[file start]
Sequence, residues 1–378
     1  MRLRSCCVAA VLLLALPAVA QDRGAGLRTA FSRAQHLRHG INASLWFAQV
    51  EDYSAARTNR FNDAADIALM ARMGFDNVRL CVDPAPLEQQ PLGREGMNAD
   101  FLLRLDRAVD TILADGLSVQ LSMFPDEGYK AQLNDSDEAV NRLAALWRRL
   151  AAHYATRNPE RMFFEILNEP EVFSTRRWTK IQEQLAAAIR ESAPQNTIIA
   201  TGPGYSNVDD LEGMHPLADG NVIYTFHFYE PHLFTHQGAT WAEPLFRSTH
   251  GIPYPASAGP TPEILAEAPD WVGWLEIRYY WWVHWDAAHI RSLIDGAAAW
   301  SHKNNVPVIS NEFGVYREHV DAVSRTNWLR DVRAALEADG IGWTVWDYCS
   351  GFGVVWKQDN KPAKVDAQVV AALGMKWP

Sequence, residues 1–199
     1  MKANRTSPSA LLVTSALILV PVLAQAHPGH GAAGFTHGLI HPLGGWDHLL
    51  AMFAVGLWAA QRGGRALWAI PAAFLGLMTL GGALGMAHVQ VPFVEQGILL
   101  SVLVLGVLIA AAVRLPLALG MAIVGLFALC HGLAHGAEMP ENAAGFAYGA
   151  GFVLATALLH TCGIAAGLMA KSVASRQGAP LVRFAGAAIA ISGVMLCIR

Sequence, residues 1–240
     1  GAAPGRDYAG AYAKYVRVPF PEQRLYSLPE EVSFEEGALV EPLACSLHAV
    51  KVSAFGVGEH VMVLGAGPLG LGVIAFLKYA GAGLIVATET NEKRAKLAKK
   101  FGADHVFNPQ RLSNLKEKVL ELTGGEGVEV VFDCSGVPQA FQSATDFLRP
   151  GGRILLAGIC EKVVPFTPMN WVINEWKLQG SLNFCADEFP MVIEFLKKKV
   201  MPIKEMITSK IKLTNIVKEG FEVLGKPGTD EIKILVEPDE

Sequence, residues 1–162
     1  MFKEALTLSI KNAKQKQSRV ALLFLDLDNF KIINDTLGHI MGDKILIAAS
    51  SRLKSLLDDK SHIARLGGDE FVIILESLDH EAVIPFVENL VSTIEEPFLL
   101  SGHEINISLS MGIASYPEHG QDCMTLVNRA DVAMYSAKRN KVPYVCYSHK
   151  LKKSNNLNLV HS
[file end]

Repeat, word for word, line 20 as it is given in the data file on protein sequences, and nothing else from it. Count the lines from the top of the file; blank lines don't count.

   201  MPIKEMITSK IKLTNIVKEG FEVLGKPGTD EIKILVEPDE